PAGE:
The key to this is the intelligent and automated purchase of electrical energy either at the cheapest prices or through the remunerated supply of surplus energy from the utility network. This can be achieved with the help of components from the smart metering industry. In cooperation with a regional energy supplier as well as a hardware supplier, this can also be realized for private customers.
This cannot simply be compared. Methanol is a liquid. Because of that, the concentration of the methanol in the aqueous solution is of importance. By using separation processes (the easiest is a sort of distillation, the most energy-efficient membrane separation process), the methanol can be separated from the water. Depending on the type of use, the required methanol content in aqueous solution can vary. If you burn it directly, you need approx. 40-50% mixture; when used in a methanol fuel cell, a lower methanol content can be sufficient.
This is the challenge and the goal set during our pilot phase. We want to show that such a complex system works without intervention and maintenance. It is not just a question of the stability of the catalysts, but rather, we want to demonstrate the flexibility of the entire process and answer doubts like: Can it be started or stopped in the short term in order to deal with short lead fluctuations? Can the processes in the individual components coordinate with one another? Is the CO2 enrichment always parallel to the CO2 conversion? Can a temporary storage be optimized for this?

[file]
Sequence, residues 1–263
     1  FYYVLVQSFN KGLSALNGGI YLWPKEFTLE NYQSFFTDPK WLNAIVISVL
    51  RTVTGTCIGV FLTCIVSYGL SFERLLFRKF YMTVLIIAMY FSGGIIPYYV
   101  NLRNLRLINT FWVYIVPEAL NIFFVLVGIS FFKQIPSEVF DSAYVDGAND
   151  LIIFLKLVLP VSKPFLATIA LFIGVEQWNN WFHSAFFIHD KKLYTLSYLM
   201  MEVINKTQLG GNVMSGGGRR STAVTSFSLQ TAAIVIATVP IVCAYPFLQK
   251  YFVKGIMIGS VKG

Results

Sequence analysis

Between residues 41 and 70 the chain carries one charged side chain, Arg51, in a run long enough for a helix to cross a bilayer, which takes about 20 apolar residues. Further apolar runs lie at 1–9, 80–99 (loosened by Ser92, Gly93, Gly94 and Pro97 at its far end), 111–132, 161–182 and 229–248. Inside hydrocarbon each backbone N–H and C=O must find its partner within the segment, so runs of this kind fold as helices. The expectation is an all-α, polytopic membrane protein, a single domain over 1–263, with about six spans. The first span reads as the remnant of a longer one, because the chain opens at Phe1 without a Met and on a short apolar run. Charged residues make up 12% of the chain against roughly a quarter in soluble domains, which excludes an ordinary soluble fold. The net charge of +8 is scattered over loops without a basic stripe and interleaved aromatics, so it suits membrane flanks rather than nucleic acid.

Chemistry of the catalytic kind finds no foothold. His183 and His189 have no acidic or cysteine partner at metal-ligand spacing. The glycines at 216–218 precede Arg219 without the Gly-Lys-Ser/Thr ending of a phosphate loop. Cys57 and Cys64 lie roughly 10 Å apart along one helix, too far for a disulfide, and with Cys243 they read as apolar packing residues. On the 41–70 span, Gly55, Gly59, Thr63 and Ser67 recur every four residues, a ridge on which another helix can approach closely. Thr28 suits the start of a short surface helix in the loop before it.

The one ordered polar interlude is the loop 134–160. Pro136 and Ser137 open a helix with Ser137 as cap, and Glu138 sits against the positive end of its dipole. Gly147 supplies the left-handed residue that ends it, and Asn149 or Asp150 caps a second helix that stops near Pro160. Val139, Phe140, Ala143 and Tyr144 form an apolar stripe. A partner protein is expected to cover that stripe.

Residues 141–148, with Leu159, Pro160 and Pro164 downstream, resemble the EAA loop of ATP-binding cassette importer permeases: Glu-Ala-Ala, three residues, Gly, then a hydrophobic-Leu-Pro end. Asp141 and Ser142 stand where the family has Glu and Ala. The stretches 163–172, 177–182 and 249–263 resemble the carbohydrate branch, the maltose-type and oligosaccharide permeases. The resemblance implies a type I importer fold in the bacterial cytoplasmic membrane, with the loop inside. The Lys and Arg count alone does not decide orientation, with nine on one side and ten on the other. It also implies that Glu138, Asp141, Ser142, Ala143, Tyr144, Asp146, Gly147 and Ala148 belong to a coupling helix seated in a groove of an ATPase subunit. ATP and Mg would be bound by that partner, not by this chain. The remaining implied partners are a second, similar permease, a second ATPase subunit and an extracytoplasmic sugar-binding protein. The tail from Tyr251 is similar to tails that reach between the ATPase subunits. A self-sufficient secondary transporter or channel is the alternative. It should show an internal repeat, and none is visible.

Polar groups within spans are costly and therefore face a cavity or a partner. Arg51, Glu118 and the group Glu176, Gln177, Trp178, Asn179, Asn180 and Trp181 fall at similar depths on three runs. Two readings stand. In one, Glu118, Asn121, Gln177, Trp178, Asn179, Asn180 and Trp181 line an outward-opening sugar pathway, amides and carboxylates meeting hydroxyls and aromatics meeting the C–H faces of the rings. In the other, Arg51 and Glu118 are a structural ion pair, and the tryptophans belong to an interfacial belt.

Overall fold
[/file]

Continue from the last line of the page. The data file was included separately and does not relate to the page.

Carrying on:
First of all, one should distinguish between new installations and the conversion of existing installations. New installations are easier to implement, as procurement and installation can already be taken into account during planning. In this way, not only the room plan can be prepared, but also the entire energy concept of the house can be aligned (smart home).